Why You Can't Just 'Love Your Neighbor'
Editor's note: On Tuesday of this week, Pope Benedict XVI issued "Charity in Truth," a new encyclical or general letter to the Roman Catholic Christians around the world. Popes use encyclical letters to teach the church what they believe is the Christian viewpoint on key issues.
In the past, evangelical Christians have sometimes cheered, sometimes demurred, when an encyclical has been issued. Among the encyclicals evangelical Protestants have welcomed are John Paul II's "The Splendor of Truth" and his "The Gospel of Life." They were less thrilled with his 1987 letter, "The Mother of the Redeemer."
The new papal letter is being touted as an instruction on global economics—a subject it addresses at length. But Benedict XVI is not backing a particular school of economics so much as laying the theological and ethical foundation for an approach to the economic, social, technological, and moral development of peoples. Benedict's fundamental point is that you cannot do good for people without a proper understanding of what people are—that is, what God made them to be and destined them to be.
CT asked Baylor University philosopher Frank Beckwith to examine the document, analyze its theology, and explain why evangelical Christians should care.
Pope Benedict XVI’s encyclical, Caritas in Veritate (or “Charity in Truth”) is a brief against secular materialism in its economic and metaphysical forms, and its harmful consequences on the human family’s common good. Secular materialism in an ideology that maintains that there are no theological truths that can be known. Among these unknowable theological truths is the nature of human beings, and their intrinsic purpose and natural ends that help us understand the common good and what constitutes human flourishing. Hence, the title, “Charity in Truth.” For without true knowledge of the human person, one cannot know how to properly direct love (or “charity”) to a fellow human being. As Benedict writes, “Without truth, without trust and love for what is true, there is no social conscience and responsibility, and social action ends up serving private interests and the logic of power, resulting in social fragmentation, especially in a globalized society at difficult times like the present” (5).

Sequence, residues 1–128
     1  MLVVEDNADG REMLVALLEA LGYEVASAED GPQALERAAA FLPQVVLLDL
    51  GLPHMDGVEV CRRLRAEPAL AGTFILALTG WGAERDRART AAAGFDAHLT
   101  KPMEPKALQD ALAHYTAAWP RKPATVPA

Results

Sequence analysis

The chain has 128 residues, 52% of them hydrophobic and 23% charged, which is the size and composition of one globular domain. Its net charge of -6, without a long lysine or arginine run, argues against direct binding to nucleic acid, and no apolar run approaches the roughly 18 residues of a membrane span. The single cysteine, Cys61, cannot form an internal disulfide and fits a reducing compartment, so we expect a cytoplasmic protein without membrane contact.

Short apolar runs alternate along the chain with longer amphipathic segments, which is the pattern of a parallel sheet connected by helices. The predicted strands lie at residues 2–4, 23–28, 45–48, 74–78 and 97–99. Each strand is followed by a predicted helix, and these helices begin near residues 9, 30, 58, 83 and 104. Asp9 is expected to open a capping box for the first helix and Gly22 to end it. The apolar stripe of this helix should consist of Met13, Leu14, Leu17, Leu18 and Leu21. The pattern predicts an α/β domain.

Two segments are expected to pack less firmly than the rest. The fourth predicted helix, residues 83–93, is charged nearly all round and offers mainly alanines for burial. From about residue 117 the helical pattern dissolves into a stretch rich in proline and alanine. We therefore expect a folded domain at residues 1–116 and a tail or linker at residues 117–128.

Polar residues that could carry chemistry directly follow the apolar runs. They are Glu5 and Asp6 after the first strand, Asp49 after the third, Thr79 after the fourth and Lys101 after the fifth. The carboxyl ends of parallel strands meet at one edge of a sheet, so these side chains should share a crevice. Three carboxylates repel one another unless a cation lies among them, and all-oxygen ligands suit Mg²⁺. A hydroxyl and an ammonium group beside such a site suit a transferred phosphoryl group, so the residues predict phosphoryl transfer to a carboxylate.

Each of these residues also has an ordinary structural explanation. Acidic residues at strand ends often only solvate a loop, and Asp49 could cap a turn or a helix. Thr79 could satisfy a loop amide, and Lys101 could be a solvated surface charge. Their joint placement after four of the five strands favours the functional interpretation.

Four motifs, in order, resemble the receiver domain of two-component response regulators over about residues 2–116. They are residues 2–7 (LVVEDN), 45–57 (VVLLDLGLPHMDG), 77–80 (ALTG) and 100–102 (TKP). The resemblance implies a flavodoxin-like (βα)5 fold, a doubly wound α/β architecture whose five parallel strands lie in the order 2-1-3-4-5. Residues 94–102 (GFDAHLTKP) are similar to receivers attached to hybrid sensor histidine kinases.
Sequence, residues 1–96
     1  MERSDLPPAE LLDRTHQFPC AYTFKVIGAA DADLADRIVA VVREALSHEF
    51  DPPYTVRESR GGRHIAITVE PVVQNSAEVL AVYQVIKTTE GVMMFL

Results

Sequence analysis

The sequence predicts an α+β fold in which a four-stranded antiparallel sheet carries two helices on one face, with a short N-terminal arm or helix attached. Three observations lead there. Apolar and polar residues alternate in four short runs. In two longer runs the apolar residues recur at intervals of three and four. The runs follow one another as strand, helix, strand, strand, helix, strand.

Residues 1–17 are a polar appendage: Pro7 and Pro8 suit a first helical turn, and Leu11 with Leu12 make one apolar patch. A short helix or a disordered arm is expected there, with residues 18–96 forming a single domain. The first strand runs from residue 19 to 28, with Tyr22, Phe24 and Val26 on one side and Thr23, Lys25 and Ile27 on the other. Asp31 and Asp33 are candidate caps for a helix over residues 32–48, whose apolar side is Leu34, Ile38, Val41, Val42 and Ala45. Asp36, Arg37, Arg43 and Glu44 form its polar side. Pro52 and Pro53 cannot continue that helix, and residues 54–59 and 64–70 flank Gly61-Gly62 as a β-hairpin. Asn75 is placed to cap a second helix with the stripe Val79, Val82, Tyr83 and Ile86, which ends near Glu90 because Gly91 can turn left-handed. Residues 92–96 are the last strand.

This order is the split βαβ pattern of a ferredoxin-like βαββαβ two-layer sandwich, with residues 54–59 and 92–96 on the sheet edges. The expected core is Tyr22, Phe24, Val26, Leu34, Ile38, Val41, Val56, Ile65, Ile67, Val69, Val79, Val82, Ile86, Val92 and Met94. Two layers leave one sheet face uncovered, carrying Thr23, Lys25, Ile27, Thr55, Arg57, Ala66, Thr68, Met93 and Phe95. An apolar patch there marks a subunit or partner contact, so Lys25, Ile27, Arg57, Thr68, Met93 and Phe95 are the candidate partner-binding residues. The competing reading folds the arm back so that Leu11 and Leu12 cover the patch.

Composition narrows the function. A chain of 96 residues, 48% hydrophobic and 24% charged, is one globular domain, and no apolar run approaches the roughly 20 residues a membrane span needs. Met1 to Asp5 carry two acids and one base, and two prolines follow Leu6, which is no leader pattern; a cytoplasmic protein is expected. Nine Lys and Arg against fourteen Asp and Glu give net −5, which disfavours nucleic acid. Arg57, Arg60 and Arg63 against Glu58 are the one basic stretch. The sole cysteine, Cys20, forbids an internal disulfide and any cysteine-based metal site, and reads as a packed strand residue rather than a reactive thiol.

Although mainstream media outlets have already spun this encyclical as one that focuses on the global economic crisis—and it most certainly does address that—that is clearly not the pope’s point of departure. For those who have eyes to see, the animating principle of this encyclical is virtually on every page of it: theological anthropology is the only proper starting pointing from which we can come to know the common good.
Why "what we are" matters
For Benedict, who and what we are—the question of theological anthropology—is the key to a proper understanding of our relationship to one another, our economic progress and regress, the nature of the family and marriage, humanity’s stewardship of the environment, the rule of law, intergenerational justice, as well as our openness to human life. Yes, Caritas in Veritate mentions all these topics, and several others. But the answer to the question of what constitutes integral human development—what are we and what is the good for us as individuals and as a whole?—is the unifying principle that connects them all.
Take, for example, the concept of freedom. As Benedict rightly points out, our understanding of the meaning of freedom depends on what we know to be true about ourselves and our nature as given to us by God: "Fidelity to man requires fidelity to the truth, which alone is the guarantee of freedom (cf. John 8:32) and of the possibility of integral human development" (9).